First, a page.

3. READING TEXTILE LABELS FOR DRYING
Machine drying clothes is the single biggest cause of wear-and-tear on garments—far more than actual wear.
The lint trap filled with fibers that were once part of your socks and sweaters should tell you that much.
For that reason, it’s best to hand dry and lay flat dry clothing as much as possible, but for those times when you’re in a rush, it’s important to know how to read which garments are safe to dry.
When to use the dryer
If you see a square symbol with a circle at the center, you can safely use the dryer, no special considerations required.
Slight additions to the symbol indicate special drying details:
- Dark black circle: don’t use heat
- One dot: dry at a low temperature
- Two dots: dry at a medium temperature
- Three dots: dry at a high temperature
When NOT to use the dryer
If there’s an X through the middle of the dryer symbol, do not tumble-dry the garment.
You may also just see a square, with no circle in the middle. This indicates that “natural drying” should be used—which is also the best method for our planet.
Again, there could be more variations to this symbol:
- U-shaped curve at the top: line dry (+ diagonal lines for line dry in shade)
- Three vertical lines: drip dry (+ diagonal lines for drip dry in shade)
- One vertical line: dry flat (+ diagonal lines for dry flat in shade)
- Two diagonal lines in the left corner: dry in shade
- Square with an X through it: do not dry
4. HOW TO READ CLOTHES TAGS FOR BLEACH INSTRUCTIONS
A care instruction label will also contain bleaching information, denoted by a triangle.
Variations of these symbols indicate specific directions:
- A plain triangle: any bleach can be used
- A dark triangle with an X through it: do not bleach
- A triangle with two diagonal lines: use non-chlorine bleach
- A triangle with CL in the middle: chlorine allowed
- A triangle with a CL in the middle and an X through it: use non-chlorine bleach
Again, however, it’s best to avoid bleach as much as possible.
While bleach itself has largely been considered safe in diluted doses, when the chlorine mixes with other minerals and elements in water, it creates “persistent organic pollutants” (dioxins, furans, and PCDDs) that remain in waterways indefinitely.
5. READING CLOTHING LABELS FOR IRONING DIRECTIONS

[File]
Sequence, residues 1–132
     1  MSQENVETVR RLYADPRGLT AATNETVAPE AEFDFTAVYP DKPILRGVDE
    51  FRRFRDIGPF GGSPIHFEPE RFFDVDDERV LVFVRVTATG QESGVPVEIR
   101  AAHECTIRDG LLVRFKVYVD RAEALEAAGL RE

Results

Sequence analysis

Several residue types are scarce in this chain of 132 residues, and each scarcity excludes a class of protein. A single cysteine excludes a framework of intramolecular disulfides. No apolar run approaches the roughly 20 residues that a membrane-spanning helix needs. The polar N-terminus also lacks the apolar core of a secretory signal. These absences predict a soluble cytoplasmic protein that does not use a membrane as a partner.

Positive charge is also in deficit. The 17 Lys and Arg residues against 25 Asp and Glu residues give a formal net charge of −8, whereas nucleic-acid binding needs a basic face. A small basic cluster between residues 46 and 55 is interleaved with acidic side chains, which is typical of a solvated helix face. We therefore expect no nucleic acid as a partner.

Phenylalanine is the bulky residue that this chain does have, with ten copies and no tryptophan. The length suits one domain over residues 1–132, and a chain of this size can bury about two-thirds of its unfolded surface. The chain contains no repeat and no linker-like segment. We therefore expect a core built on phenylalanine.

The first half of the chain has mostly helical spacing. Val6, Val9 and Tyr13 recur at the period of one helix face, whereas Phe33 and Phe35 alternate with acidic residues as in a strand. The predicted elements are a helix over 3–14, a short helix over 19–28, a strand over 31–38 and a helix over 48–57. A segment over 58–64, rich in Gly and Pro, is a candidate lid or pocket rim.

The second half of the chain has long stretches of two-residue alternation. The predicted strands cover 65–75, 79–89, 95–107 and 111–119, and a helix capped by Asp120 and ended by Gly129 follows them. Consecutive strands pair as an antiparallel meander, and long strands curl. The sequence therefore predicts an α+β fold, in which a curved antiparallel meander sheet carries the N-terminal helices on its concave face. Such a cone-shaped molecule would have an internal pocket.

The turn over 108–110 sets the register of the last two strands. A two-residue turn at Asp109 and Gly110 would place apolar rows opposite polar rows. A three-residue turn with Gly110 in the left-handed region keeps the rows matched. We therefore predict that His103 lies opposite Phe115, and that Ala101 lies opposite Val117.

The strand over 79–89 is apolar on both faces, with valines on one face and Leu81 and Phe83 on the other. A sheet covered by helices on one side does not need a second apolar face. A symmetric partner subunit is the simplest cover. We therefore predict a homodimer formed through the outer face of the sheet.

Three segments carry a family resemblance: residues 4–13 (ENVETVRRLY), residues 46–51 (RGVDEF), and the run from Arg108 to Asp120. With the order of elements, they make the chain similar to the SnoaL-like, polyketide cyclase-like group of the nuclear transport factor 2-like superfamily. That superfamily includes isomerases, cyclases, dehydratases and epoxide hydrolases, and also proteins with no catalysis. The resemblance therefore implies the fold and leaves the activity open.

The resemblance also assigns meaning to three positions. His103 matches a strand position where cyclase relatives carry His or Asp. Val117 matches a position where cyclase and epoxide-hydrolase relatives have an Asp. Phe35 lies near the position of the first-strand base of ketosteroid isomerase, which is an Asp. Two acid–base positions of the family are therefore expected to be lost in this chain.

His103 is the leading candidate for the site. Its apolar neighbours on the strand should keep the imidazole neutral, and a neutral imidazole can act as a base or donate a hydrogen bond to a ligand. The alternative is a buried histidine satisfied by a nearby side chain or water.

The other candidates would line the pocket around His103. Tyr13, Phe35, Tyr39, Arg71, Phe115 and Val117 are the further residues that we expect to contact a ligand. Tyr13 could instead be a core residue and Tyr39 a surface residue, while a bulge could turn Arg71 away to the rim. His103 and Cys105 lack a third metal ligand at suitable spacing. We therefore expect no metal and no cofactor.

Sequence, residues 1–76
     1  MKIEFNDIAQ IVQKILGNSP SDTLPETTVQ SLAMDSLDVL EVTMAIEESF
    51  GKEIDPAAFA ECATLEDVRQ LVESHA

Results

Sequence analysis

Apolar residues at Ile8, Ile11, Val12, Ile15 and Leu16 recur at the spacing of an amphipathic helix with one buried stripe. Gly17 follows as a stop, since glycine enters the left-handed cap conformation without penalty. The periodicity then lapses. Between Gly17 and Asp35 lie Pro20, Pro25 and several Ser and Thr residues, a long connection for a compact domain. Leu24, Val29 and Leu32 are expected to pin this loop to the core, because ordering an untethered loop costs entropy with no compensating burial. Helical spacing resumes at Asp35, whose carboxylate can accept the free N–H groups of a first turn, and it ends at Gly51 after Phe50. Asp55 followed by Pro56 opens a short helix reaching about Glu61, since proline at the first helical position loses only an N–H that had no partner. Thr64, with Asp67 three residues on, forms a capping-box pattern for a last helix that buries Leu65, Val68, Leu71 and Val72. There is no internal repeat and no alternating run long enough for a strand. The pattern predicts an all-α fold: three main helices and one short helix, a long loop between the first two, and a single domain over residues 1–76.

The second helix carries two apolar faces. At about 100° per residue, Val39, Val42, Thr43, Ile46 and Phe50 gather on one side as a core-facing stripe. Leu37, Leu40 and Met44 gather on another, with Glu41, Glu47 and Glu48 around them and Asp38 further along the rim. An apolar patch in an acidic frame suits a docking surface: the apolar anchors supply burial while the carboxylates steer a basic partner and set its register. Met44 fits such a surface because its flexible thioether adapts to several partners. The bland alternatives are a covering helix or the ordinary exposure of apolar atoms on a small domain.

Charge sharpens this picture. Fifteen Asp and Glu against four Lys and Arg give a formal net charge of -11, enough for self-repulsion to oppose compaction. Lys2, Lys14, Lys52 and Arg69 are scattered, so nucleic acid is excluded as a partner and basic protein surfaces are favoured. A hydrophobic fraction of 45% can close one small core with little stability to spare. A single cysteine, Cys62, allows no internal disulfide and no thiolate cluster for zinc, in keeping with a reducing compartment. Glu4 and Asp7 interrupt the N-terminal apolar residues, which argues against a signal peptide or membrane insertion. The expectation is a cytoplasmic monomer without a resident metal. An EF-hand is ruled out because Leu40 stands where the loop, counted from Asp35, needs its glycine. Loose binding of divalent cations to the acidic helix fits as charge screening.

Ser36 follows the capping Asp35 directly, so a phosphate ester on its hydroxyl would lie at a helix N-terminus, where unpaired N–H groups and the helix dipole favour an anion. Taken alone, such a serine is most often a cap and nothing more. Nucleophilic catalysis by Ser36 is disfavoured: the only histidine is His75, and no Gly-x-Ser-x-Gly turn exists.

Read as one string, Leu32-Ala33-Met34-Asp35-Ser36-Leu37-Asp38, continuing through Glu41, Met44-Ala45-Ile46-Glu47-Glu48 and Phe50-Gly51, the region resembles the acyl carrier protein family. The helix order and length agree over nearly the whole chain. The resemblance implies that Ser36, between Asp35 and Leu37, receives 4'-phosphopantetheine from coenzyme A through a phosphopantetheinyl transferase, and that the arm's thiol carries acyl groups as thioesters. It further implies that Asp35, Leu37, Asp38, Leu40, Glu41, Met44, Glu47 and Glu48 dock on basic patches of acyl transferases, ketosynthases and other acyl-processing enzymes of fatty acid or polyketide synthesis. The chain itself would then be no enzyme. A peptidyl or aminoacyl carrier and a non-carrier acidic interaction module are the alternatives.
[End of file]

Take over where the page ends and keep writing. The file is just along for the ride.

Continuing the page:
You can turn to clothing labels to find out how to properly iron your garments.
Look for the iron-shaped symbol and any of its variations:
- No dots: any temperature can be used
- One dot: use low-temperature settings (synthetics)
- Two dots: use medium-temperature settings (wool or silk)
- Three dots: high-temperature setting (cotton or linen)
- X through the center: do not iron
- Three lines at the bottom: iron with steam
- X over the three lines at the bottom: do not steam
6. HOW TO READ PRODUCT NUMBERS ON CLOTHING TAGS
In the US and Canada, clothing labels will include a registered identification number (RN) or five-digit CA number.
Both refer to the manufacturer, processor, finisher, or otherwise engaged business responsible for importing or selling the product.
Even with modern clothes, the RN Database and Government of Canada database can be used to access additional information about the clothes, like the legal business name, address, and website of the entity.
While it’s a far cry from information about #WhoMadeMyClothes or reasons why many want to avoid fast fashion, knowing how to read clothing label codes could be useful when the brand name is otherwise missing from the label.
WHAT DO CLOTHING TAGS MEAN FOR SUSTAINABILITY?
So, what do clothing labels mean for a greener fashion future?
In addition to making it easy for us to wear sustainable fabrics, they encourage us to take better care of our clothes.
Knowing which clothes should be left out of the dryer or washed in cold water can prevent laundering mishaps that result in textile waste.
…which amounts to a staggering 92 million tons every year—or a garbage truck’s worth every second.
Unfortunately, knowing how to read fabric labels has its limits, as most clothes are only designed to last 30-40 washes.
That said, in addition to knowing how to read clothes tags so that your ethical leggings don’t turn into a saggy, shapeless mess, consider the following eco-clothes care tips:
- Wash less
- Wash in cold water
- Wash inside-out
- Use eco friendly laundry detergent
- Hang dry rather than machine dry
- Avoid dry cleaning
- Store properly (away from moisture, heat, and sunlight)
- Repair damage when it’s first noticed
FINAL THOUGHTS ON HOW TO READ CLOTHING TAGS
Knowing how to read clothing labels is woven into a more sustainable fashion world.
Keeping clothes in your closet just nine months longer can significantly reduce the environmental impact of a garment, according to #LoveYourClothes experts WRAP.
We need to change the fashion industry’s story—and it can start by dedicating a couple of minutes to reading clothing tags.
That said, we’d urge you to pass this on to your fashion friends. Let’s show our clothes a little love by taking better care of them.